Barking and Dagenham MPs dismiss constituencies shake up plan
PUBLISHED: 10:10 13 September 2018 | UPDATED: 10:55 13 September 2018
The borough’s MPs have slammed a proposed shake up of constituencies.
The Boundary Commission – which groups voters into areas for national elections – revealed its final plans on Monday.
They would see Barking and Dagenham voters divided among three areas: Barking and Beckton, Dagenham and Rainham, and Romford.
The first would see the Barking constituency lose Alibon and Valence wards while gaining Beckton and the Royal Docks in neighbouring Newham to create an area of 73,046 voters.
The Dagenham and Rainham constituency gains Alibon and Valence wards along with Elm Park, South Hornchurch, and Rainham and Wennington from Havering with 73,863 voters. Chadwell Heath would join the Romford constituency currently represented by Conservative MP Andrew Rosindell.
Under current arrangements Labour MPs Dame Margaret Hodge and Jon Cruddas represent the existing Barking, and Dagenham and Rainham constituencies respectively.
Dame Margaret said: “There is opposition to these plans on both sides of the House. The government thought these plans would pass through the Commons easily. I doubt that will happen.
“Reducing the number of MPs will weaken the Commons. The government could get away with all kinds of tricks if there aren’t enough MPs to properly scrutinise how we leave the EU.”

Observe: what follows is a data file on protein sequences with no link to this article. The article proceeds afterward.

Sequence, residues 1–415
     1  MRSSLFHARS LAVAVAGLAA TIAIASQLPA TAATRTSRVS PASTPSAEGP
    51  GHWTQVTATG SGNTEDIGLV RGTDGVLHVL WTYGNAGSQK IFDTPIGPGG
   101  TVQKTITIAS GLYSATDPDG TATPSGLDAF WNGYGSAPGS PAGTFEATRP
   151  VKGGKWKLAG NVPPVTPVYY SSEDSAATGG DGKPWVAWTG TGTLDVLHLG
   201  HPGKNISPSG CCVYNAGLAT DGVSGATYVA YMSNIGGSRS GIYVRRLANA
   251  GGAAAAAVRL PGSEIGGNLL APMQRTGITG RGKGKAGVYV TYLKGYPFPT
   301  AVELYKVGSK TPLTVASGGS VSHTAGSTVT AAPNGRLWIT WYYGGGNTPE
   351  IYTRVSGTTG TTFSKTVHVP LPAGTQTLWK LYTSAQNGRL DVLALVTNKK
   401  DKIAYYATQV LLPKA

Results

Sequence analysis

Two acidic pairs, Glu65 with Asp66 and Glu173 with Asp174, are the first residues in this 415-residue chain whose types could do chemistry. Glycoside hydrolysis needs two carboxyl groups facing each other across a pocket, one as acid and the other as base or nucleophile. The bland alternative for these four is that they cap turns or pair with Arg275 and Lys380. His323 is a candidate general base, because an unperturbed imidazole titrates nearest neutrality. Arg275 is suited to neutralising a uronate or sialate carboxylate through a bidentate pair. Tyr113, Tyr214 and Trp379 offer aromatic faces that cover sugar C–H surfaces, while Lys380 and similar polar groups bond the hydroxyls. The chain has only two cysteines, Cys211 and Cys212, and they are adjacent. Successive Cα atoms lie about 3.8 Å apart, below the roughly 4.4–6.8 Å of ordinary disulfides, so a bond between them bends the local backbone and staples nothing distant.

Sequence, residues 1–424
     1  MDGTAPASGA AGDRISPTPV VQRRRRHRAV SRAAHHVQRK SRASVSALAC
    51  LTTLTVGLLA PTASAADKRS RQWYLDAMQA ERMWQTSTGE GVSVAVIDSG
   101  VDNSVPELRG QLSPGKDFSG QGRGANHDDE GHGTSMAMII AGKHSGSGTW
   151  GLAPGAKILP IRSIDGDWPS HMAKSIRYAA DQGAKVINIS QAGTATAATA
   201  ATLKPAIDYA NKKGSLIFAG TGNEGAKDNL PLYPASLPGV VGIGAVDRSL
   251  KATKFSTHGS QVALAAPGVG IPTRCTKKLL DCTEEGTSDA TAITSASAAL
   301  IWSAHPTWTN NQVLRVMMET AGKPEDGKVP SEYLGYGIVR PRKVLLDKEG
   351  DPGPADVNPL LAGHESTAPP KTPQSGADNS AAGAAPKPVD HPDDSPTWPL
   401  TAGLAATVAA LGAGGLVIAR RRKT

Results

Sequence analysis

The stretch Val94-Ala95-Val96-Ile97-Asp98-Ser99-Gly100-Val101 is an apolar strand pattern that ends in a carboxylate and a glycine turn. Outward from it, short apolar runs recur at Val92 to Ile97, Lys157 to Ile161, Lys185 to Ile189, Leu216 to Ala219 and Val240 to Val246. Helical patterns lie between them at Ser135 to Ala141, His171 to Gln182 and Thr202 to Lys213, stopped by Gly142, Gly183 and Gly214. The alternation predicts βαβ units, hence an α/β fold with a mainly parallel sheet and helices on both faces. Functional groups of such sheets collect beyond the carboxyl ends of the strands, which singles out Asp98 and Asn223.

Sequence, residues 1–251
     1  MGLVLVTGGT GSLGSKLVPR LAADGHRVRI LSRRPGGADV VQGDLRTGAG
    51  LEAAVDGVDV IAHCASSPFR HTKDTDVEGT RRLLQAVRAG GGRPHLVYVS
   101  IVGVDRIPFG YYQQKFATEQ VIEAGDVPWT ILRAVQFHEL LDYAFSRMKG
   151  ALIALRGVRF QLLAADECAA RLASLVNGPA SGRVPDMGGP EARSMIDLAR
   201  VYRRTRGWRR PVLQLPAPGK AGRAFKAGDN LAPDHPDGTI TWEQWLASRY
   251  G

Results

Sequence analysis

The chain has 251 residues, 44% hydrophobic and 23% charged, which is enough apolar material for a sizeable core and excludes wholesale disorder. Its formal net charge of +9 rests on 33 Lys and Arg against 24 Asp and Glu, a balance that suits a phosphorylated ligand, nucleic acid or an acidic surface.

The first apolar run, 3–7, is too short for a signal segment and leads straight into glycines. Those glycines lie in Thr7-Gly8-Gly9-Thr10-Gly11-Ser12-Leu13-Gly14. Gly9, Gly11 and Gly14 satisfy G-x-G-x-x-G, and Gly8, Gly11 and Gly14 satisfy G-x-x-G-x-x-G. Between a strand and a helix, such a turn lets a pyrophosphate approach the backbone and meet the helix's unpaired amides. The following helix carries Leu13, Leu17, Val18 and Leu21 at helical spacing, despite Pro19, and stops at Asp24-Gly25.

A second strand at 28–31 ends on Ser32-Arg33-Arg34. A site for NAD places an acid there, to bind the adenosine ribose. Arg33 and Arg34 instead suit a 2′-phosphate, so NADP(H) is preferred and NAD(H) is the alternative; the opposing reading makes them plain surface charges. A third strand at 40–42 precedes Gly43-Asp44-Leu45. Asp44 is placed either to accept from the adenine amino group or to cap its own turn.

Jon Cruddas said: “The revised boundary proposals mean that instead of Eastbrook going over to Romford, Dagenham and Rainham will be losing Chadwell Heath ward. I made representations during the consultation period to try and avert the changes but it seems the Boundary Commission has ignored them.
“Whilst the final proposals take consideration of some of the official Labour recommendations, the Conservative Party seems to be tearing itself apart at the moment so they won’t be able to get the changes pushed through.”
The government must now decide if or when the plans will go to the Houses of Parliament for politicians to decide if the new groupings will be used at the next general election.
The former Conservative prime minister David Cameron ordered the review in 2011 to reduce the number of MPs from 650 to 600 and create roughly equal constituencies.
The Conservative Party was approached for comment.